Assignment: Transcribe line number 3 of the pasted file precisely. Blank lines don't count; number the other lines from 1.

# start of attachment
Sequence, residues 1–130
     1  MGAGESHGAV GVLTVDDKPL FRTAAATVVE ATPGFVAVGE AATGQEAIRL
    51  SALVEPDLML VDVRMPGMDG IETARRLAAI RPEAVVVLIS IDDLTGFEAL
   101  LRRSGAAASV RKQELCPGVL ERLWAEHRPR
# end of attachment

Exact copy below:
    51  SALVEPDLML VDVRMPGMDG IETARRLAAI RPEAVVVLIS IDDLTGFEAL